Fleetwood tribute band unexpected career move
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There are few bands with a more diverse– not to mention dysfunctional — history than Fleetwood Mac.
Fleetwood Mac tribute band Tusk is pretty much the polar opposite, exhibiting absolutely no drama or on-stage tension.
Rather, it’s a collection of musicians who came together almost on a lark and now more than 11 years later, are enjoying their status as full-time musicians and bandmates.
Tusk on a lark
“A mutual friend had seen each of us playing Fleetwood Mac songs in other projects and said, ‘You should do a tribute band,’” said Scott McDonald, singer and guitarist who handles the duties of Fleetwood Mac vocalist and guitarist Lindsay Buckingham. “I just said, ‘Yeah, yeah.’ But I got together with Kathy [Phillips] who plays Stevie [Nicks], and we decided to try it out for fun.
“It was originally just going to be a short-term situation, just playing regional shows here in the New Jersey area. But I remember when we finished our first song, ‘Second Hand News,’ I thought, ‘That sounded great.’ We saw the potential for something larger, and we all got along really well, unlike the members of the actual band.”
More than a decade later, the quintet — which also includes Kim Williams, Tom Nelson, and Randy Artiglere — have traveled extensively, focusing on the classic years of Fleetwood Mac.
“We try to recreate that era,” McDonald said. “People enjoy it because it reminds them of that time in their life. All these songs make us feel great because they’re so intertwined with our lives and memories. We do a lot of songs from Rumours, songs from Fleetwood Mac, the album before, and a couple things from Tusk. There were a few hits from Mirage that we do, and we do some of the solo stuff. We’ll do Stevie’s songs like ‘Edge of Seventeen,’ ‘Stand Back,’ and ‘Stop Draggin’ My Heart Around.’ Sometimes we do Lindsey’s ‘Holiday Road,’ and we’ll throw in a few of the Peter Green blues songs from the early years. But primarily we stick to the 1975-80 songs.”
Regarding the unexpected firing of Buckingham in the original band last year, McDonald said the new lineup of Neil Finn and Mike Campbell in Buckingham’s place lessens his interest in seeing Fleetwood Mac live.
“Nothing against Mike Campbell or Neil Finn because they’re both great musicians, but it wouldn’t be the same for me without Lindsey Buckingham,” McDonald said. “I actually met Lindsey last year, and I wasn’t sure what to expect because I’d always heard he was temperamental, but he was so nice and so pleasant. I didn’t tell him what I do because I thought that might be weird. But he just couldn’t have been nicer.”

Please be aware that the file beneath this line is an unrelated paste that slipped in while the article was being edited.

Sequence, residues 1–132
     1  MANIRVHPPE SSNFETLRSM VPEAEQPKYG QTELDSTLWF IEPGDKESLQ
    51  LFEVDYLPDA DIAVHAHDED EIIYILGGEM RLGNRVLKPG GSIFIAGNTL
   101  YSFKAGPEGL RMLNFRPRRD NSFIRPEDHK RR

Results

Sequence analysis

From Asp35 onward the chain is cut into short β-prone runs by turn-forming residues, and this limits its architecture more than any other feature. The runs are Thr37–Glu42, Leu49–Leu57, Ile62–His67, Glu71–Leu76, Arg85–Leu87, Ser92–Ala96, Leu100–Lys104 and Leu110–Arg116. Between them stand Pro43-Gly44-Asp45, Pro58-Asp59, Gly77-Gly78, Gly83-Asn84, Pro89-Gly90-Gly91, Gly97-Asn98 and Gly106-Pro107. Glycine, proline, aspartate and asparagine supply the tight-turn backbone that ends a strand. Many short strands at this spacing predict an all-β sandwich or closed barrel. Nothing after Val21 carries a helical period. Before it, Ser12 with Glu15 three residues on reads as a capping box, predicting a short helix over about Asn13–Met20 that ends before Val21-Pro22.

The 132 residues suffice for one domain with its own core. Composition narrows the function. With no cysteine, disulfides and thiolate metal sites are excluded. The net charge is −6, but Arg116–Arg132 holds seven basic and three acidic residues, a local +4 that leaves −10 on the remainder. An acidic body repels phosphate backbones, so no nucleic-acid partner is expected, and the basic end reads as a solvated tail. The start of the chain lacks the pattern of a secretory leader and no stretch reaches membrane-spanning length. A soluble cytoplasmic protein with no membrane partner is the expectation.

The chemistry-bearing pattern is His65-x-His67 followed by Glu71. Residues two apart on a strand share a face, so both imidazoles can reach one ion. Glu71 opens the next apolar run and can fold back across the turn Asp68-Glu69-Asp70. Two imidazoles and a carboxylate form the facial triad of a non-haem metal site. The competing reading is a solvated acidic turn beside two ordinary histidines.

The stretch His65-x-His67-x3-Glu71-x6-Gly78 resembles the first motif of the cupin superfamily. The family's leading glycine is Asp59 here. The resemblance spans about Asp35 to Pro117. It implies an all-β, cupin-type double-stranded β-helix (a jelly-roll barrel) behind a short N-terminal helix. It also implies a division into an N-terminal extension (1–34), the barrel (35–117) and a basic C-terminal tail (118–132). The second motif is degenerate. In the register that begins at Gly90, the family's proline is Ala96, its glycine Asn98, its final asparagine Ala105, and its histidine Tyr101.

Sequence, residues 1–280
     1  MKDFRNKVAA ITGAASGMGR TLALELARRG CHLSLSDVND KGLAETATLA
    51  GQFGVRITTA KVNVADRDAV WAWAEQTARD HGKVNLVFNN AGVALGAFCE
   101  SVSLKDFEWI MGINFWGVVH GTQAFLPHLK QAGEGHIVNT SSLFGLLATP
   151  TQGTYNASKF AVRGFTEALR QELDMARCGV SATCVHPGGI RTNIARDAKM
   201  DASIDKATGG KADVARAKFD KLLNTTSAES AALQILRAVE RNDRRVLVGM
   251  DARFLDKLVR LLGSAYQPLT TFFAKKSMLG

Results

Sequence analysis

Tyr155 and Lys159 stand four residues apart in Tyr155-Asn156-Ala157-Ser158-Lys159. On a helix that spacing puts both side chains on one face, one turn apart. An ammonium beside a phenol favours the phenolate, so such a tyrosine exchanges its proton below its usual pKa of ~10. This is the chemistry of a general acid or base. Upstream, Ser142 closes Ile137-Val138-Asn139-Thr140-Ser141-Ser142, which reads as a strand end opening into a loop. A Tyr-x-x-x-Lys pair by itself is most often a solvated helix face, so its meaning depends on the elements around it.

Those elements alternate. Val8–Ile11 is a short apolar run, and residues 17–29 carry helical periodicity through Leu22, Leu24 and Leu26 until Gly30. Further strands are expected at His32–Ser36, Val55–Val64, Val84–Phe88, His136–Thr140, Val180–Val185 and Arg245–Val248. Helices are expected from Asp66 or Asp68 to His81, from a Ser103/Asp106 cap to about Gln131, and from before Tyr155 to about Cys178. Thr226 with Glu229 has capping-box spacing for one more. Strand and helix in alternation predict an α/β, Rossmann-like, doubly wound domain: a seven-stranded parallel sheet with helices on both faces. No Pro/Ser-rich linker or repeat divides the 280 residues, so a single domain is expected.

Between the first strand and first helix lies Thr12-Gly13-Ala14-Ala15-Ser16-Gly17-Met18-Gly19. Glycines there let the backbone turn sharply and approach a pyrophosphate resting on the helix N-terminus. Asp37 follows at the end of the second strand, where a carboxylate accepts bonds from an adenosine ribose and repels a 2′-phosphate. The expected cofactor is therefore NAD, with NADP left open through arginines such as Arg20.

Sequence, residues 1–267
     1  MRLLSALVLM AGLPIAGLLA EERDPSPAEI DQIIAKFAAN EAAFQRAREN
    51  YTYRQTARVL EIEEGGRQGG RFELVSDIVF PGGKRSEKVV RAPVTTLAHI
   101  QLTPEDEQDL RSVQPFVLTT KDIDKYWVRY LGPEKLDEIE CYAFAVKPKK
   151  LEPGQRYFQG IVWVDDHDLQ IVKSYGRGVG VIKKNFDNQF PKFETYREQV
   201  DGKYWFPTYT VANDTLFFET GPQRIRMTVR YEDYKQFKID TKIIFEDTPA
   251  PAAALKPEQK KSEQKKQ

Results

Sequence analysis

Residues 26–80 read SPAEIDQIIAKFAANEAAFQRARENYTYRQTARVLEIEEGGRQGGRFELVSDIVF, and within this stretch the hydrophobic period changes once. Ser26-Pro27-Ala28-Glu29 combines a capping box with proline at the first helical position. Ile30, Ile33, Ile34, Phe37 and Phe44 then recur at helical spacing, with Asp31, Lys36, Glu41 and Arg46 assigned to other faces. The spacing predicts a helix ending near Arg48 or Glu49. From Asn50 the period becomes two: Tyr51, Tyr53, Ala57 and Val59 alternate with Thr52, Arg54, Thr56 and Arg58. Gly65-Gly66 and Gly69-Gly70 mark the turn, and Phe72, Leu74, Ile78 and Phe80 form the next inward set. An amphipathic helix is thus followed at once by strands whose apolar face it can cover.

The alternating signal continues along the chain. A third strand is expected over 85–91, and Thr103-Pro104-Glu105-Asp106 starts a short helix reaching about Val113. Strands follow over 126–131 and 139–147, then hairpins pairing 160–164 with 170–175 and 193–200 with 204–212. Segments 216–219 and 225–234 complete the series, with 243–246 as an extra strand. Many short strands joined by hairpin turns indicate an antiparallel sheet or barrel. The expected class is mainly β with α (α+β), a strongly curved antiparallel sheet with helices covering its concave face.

Fleetwood Mac fans continue to flock to see Tusk regularly, and just as they do at Fleetwood Mac concerts, they respond with enthusiasm to the songs, a few in particular.
“‘The Chain’ always gets a big response, and is a great song since it’s such a group performance rather than focusing on just one of us. ‘Rhiannon’ and ‘Landslide’ get a huge response too. When Kim does ‘Songbird,’ the audience loves that, and it’s a great chance to put the focus on her. ‘Go Your Own Way’ is a favorite, and we do bass and drum solos and sometimes we do an acoustic set.”
Although Tusk may not have seemed like a long-term project the first time they played together, it has allowed the members to balance a career in music and home and family life. Playing around 120 shows per year, the band is happily prepared to keep sharing the music of Fleetwood Mac for years to come.
“It’s nice because around those shows we have travel days, but we also have time off. We’re all married, though not to each other, so there are spouses and kids.
“My wife is a teacher, and we have a six-year-old, so it’s nice to have time in the summer to spend with them. We also have professional subs that can step in if someone can’t make a show. That provides a nice respite if we want it. But we get to spend our careers making music, which is what we all ever wanted to do.”